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Providing one-stop shopping for all your video needs, Miro downloads videos from the Internet, subscribes to video feeds, manages the collection on your hard drive, and handles torrents with grace.

Providing one-stop shopping for all your video needs, open-source and cross-platform Miro deserves much of the praise that's been heaped upon it. The latest major point to version 2.0 continues to impress.

The concept is brilliant, yet simple: Create a video player that can subscribe to and download video podcasts while managing the videos you've saved on your hard drive. On the face of it, this might sound like iTunes, but the sharing component is an essential aspect of the program. Miro has always been geared toward video and it shows in the program's design. When you launch the app, a left sidebar hosts a folder tree for managing your videos. The central pane does double duty for viewing videos and searching for new ones, although the latest version lets you pop out the viewing window so you can multitask your viewing and browsing. The bottom hosts a search box, for parsing through Google, YouTube, Yahoo, and others, a video control panel, and a volume control. Somewhat confusingly, there's also a search box at the top of the main window.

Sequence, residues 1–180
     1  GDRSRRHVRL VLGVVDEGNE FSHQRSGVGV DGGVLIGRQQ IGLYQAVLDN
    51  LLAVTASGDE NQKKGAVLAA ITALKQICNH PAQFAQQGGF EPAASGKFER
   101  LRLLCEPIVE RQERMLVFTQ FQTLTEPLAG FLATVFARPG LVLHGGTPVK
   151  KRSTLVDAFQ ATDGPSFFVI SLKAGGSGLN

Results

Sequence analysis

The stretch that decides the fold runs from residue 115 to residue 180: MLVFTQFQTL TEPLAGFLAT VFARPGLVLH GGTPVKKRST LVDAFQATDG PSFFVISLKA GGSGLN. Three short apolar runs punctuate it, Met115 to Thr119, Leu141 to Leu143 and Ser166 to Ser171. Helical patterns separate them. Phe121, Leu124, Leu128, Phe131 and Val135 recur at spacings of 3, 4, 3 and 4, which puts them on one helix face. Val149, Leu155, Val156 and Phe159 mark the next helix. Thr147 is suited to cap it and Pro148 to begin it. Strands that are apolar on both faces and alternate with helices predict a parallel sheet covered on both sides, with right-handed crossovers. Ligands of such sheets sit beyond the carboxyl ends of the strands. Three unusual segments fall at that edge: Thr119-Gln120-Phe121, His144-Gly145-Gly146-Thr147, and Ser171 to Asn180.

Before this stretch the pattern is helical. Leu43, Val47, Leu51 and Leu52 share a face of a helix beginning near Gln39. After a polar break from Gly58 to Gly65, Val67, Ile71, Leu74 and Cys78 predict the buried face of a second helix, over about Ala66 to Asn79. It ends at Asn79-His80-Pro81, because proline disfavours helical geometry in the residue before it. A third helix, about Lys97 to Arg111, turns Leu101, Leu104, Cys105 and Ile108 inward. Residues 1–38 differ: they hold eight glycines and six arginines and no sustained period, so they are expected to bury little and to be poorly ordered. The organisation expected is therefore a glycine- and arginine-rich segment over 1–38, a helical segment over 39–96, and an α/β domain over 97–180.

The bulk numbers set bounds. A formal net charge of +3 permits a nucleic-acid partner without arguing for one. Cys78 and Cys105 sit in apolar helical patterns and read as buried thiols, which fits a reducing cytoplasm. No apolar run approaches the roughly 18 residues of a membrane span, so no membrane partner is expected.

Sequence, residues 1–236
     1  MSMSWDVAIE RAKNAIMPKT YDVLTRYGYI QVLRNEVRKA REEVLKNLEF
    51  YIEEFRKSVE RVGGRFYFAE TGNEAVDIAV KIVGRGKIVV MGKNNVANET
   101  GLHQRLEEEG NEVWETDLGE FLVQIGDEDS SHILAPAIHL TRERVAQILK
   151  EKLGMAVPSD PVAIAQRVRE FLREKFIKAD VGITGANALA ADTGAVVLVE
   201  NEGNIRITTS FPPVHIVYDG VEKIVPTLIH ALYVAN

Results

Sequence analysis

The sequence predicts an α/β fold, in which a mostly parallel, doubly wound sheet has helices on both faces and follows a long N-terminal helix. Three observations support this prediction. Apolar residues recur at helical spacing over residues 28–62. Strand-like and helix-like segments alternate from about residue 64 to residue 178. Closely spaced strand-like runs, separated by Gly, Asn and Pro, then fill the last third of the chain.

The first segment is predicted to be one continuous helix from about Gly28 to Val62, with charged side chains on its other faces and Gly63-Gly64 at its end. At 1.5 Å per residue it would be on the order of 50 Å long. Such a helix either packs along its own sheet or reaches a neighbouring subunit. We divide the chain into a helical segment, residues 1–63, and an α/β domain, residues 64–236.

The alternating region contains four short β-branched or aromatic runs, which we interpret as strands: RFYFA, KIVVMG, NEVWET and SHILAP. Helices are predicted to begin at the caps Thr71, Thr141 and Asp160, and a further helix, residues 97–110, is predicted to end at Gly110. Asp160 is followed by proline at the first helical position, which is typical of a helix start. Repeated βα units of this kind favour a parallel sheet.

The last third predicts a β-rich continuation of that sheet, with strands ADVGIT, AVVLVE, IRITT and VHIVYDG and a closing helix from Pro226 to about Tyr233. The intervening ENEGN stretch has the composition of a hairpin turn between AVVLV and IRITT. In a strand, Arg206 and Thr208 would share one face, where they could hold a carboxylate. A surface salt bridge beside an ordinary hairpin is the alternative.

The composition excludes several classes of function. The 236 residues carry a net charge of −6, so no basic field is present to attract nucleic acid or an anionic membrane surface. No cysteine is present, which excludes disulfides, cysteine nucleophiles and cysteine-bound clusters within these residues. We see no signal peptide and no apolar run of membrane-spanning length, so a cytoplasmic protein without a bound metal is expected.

Features include full torrent support (so you can download and view torrents in the same app), folder watching (to manage only the hard-drive folders you specify for new videos), resumable playback, channel surfing (which organizes video feeds by topic), video sharing and hosting, and assistance in creating and distributing videos. The biggest changes in 2.0, though, are in the guts of the program; it loads faster and is immeasurably more stable than before.

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